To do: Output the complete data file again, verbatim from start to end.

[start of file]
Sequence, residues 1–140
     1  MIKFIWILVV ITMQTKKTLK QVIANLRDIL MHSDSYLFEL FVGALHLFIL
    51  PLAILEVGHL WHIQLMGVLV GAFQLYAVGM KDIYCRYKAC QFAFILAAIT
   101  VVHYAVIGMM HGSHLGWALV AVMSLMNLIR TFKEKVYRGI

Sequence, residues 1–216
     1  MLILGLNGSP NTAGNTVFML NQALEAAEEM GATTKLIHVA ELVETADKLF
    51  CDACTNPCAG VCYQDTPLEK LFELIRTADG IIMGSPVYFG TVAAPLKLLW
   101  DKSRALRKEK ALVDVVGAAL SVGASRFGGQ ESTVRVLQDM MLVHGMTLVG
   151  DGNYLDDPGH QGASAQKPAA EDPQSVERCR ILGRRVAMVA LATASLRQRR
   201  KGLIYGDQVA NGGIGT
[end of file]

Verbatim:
Sequence, residues 1–140
     1  MIKFIWILVV ITMQTKKTLK QVIANLRDIL MHSDSYLFEL FVGALHLFIL
    51  PLAILEVGHL WHIQLMGVLV GAFQLYAVGM KDIYCRYKAC QFAFILAAIT
   101  VVHYAVIGMM HGSHLGWALV AVMSLMNLIR TFKEKVYRGI

Sequence, residues 1–216
     1  MLILGLNGSP NTAGNTVFML NQALEAAEEM GATTKLIHVA ELVETADKLF
    51  CDACTNPCAG VCYQDTPLEK LFELIRTADG IIMGSPVYFG TVAAPLKLLW
   101  DKSRALRKEK ALVDVVGAAL SVGASRFGGQ ESTVRVLQDM MLVHGMTLVG
   151  DGNYLDDPGH QGASAQKPAA EDPQSVERCR ILGRRVAMVA LATASLRQRR
   201  KGLIYGDQVA NGGIGT